Peanut allergy: Can a child outgrow it?

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Peanut allergy: Can a child outgrow it?


Can a child outgrow a peanut allergy?



Yes. About 20 percent to 25 percent of children with peanut allergy will outgrow it. But there is a small risk it will return. Peanut allergy affects 1 percent to 2 percent of young children and is the most common cause of anaphylaxis, a life-threatening allergic reaction.

It's difficult to predict which children will outgrow peanut allergy. Some research suggests that children with lower levels of peanut allergy-specific antibodies (IgE) may be more likely to outgrow peanut allergy than children with higher levels of these antibodies. IgE is measured by a blood test.

Even when a child appears to outgrow peanut allergy, there is a small risk it will recur. A study published in November 2004 suggested that the way to reduce the risk of recurrence is to encourage the child to eat peanuts on a regular basis. This may seem odd advice to parents who have drilled a fear of peanuts into their children. But the study found peanut allergy was much less likely to return in children who ate peanuts at least once a month after developing a tolerance for them than in children who largely avoided peanuts.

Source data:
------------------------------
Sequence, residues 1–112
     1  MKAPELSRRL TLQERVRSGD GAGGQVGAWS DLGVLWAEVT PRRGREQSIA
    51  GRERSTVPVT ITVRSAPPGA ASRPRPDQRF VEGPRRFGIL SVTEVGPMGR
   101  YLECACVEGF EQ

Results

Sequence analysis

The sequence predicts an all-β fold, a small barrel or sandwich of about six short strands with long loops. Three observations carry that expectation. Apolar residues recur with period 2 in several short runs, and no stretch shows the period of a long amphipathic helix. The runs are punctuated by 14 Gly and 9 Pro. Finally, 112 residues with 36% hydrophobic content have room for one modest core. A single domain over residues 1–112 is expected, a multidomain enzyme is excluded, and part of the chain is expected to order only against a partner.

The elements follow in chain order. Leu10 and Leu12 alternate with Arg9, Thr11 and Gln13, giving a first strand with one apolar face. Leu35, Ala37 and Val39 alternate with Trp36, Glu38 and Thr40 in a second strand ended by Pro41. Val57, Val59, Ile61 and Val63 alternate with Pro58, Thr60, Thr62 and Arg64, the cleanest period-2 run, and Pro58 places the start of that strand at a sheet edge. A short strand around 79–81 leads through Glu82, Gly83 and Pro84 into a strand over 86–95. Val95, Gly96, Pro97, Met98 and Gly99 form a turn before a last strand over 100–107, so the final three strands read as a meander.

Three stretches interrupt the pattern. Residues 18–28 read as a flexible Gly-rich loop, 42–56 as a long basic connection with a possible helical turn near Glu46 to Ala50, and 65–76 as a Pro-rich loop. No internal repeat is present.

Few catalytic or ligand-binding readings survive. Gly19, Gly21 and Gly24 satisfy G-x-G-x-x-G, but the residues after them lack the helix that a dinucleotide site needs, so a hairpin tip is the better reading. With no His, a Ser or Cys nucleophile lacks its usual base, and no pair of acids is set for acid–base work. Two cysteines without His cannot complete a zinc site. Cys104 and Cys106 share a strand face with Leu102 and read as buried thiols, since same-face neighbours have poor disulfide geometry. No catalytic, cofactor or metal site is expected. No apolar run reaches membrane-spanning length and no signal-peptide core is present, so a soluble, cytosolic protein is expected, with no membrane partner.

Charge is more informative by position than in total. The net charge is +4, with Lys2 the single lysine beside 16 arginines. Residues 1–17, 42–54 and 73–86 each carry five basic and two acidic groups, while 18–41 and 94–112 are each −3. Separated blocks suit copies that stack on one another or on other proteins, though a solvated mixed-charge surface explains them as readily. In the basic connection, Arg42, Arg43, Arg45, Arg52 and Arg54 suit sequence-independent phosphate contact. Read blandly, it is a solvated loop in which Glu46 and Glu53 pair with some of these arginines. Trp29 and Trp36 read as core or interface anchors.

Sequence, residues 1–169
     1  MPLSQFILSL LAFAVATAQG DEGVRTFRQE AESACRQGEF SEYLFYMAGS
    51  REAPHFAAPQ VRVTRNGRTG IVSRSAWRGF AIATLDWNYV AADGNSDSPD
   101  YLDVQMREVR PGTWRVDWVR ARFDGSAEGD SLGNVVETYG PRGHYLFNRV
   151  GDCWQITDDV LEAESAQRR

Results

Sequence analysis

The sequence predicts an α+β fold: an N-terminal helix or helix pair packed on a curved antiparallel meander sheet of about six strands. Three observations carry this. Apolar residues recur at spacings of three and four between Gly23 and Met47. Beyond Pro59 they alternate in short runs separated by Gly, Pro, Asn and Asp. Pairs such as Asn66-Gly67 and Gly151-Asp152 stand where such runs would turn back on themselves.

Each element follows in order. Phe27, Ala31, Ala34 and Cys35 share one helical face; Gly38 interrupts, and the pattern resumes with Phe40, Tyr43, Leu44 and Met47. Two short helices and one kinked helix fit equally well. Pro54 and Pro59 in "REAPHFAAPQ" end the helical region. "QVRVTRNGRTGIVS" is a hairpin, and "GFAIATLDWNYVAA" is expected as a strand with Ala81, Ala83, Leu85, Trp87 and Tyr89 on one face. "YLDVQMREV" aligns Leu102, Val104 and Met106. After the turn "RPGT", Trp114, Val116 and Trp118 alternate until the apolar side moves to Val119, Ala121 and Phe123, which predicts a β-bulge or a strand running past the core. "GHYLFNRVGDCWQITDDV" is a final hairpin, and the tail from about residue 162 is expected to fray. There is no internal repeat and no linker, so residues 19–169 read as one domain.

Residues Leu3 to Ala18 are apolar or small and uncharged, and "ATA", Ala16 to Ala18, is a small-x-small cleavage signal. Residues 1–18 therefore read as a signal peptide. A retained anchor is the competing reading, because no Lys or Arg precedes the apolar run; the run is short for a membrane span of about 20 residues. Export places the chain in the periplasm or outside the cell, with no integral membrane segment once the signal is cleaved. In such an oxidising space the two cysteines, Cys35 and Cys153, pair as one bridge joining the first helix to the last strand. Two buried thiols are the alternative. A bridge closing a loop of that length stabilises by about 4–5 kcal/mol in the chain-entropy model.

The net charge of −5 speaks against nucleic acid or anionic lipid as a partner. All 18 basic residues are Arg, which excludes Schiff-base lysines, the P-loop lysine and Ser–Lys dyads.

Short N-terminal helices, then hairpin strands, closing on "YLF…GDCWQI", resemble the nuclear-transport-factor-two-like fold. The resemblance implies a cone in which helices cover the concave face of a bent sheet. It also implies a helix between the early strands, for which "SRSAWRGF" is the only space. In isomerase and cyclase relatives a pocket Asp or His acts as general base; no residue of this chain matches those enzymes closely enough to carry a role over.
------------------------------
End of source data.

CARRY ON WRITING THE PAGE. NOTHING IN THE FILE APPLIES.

How do you know if your child has outgrown peanut allergy? Children with known peanut allergy should be re-evaluated by a board-certified allergist before discontinuing any preventive or avoidance measures. Even if it is determined that a child has outgrown peanut allergy, doctors still recommend that the child continue to carry injectable epinephrine in case the allergy returns.

Last Updated: 12/19/2005
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